Congratulations to John Rickford, who is now officially the President of the Linguistic Society of America!
Archive for the ‘Faculty’ Category
Dan Lassiter will present “Adjectival vagueness in a Bayesian Model of Interpretation” at UCSD’s Cognitive Science 200 speaker series on Friday 1/23, and also at a UCLA Linguistics colloquium the following Friday.
Research on bias against speakers of African American Vernacular English in the American justice system, conducted by John Rickford and Sharese King, was featured in the most recent issue of the Stanford News Report. Read about their work here!
Dan was featured in the most recent LSA Member Spotlight, sharing his thoughts on the field of linguistics, exciting applications of computational linguistics, and the services provided by the LSA. Read it here!
In recent weeks, Dan’s work on the language of food has also earned him
- a Mother Jones article – complete with mouthwatering photos of Taco Bell’s latest foodlike creations,
- a mention in the New York Times,
- and a UCSD Computer Science & Engineering Colloquium invitation, where he presented “Extracting Social Meaning from Language: The Computational Linguistics of Food and the Speard of Innovation”. You can even watch a recording of the talk here.
Boris Harizanov will talk about his work on the syntax/phonology interface at P-interest today at noon in the Greenberg room.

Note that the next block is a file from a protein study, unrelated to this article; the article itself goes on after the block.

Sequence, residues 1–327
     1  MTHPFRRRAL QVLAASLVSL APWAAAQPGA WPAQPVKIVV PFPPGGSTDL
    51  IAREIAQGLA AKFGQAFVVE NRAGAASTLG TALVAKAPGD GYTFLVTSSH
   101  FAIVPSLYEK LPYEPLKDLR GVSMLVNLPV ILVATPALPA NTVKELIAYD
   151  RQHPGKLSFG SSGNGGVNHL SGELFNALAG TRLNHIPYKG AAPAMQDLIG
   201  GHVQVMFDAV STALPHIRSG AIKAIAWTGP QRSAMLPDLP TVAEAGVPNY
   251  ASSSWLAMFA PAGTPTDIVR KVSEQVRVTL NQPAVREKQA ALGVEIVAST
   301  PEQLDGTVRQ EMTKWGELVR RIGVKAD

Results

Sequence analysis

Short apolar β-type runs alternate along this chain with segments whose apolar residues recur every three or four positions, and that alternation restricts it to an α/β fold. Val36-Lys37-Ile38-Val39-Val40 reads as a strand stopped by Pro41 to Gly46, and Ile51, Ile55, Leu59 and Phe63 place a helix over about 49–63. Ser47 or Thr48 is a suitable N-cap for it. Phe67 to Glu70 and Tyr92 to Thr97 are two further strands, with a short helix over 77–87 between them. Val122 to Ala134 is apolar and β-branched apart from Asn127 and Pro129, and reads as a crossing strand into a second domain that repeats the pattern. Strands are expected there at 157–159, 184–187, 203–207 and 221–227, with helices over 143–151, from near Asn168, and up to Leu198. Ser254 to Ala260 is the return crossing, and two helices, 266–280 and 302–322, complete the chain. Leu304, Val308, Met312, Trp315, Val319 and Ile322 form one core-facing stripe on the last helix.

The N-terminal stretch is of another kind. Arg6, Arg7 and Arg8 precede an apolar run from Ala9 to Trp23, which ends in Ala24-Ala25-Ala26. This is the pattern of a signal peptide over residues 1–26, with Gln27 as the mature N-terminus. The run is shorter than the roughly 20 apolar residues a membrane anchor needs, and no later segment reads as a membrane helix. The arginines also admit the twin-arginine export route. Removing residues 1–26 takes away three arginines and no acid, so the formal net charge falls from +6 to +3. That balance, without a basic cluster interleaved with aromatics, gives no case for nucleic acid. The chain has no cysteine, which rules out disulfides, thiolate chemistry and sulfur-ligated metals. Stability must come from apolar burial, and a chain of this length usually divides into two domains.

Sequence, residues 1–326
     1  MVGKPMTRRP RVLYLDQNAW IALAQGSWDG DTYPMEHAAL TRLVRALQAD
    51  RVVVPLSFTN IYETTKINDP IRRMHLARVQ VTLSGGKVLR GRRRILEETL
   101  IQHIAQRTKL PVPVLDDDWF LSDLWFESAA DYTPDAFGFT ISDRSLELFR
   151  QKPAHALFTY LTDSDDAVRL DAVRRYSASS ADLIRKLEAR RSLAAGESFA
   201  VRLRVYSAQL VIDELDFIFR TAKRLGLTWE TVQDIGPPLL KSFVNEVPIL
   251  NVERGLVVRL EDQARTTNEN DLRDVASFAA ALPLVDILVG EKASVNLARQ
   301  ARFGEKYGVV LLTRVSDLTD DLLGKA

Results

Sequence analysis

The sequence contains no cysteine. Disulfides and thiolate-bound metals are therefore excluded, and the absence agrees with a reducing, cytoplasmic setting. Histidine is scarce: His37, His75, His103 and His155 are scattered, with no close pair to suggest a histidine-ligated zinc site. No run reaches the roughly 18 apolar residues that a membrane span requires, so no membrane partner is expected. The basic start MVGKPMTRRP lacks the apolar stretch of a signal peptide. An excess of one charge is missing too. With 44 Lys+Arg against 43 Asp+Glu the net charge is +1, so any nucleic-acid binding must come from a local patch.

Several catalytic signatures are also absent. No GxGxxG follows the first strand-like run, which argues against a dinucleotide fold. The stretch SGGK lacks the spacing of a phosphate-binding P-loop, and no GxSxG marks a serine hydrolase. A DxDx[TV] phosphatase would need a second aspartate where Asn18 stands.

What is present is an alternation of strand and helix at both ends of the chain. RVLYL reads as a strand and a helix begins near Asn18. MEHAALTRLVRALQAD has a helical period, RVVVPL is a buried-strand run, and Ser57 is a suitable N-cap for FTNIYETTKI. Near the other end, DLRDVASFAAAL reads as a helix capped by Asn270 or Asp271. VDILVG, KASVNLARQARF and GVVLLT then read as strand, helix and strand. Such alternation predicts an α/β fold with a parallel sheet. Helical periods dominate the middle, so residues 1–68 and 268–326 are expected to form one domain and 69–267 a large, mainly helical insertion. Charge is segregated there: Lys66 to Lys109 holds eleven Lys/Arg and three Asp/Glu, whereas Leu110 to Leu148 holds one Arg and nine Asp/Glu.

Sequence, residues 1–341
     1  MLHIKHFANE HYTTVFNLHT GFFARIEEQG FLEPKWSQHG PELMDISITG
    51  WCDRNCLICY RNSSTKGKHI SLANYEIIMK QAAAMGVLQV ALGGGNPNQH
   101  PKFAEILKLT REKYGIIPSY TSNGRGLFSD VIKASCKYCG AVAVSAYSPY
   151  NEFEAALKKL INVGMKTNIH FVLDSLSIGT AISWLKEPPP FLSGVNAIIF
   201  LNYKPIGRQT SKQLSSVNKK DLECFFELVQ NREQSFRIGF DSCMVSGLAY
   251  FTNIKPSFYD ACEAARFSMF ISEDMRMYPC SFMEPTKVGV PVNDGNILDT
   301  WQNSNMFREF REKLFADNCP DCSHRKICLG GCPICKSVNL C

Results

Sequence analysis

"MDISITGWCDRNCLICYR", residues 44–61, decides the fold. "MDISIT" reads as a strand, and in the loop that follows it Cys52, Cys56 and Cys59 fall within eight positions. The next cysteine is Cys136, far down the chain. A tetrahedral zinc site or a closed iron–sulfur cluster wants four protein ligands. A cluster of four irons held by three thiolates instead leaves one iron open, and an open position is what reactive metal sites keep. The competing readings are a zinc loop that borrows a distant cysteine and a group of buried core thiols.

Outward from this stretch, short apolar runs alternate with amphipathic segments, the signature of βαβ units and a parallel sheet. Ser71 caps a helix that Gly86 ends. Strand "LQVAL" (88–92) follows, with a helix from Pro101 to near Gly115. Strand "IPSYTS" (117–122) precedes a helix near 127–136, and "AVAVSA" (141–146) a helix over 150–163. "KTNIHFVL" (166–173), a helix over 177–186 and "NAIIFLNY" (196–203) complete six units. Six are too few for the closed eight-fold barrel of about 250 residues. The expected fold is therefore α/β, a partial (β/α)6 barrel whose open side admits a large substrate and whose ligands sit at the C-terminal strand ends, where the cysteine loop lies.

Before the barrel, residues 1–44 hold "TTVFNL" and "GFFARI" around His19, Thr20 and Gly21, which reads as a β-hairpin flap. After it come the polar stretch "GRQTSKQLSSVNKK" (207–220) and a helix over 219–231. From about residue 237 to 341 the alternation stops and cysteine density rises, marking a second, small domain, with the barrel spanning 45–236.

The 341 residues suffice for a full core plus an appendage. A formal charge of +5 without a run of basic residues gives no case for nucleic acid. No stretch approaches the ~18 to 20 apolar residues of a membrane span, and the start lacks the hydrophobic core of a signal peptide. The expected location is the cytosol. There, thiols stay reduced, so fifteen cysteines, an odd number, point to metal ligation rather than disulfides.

Diagnosing phonological movement: Infixation in Chamorro
Syntactic movement relations can be established on the basis of reconstruction effects, whereby a syntactic object (e.g., a phrase) occurs in one position with respect to some criteria (e.g., surface position) but in one or more other positions with respect to other criteria (e.g., thematic interpretation, binding). Work on phenomena such as clitic noninitiality and infixation reveals that it might be possible to construe these phenomena as involving movement relations at the level of phonological/prosodic structure (e.g., Prosodic Inversion). If so, does phonological movement give rise to reconstruction effects, like its syntactic counterpart? I provide evidence from infixation in Chamorro that a morphophonological object can occur in more than one position with respect to different phonological/prosodic criteria. Specifically, morphemes that are infixes on the surface in this language also behave like prefixes with respect to a certain phonological alternation (umlaut). A key piece of evidence involves an opaque interaction between infixation and reduplication in Chamorro, which leads to an analysis of infixation in the language as movement of an underlying prefix to its infixal surface position.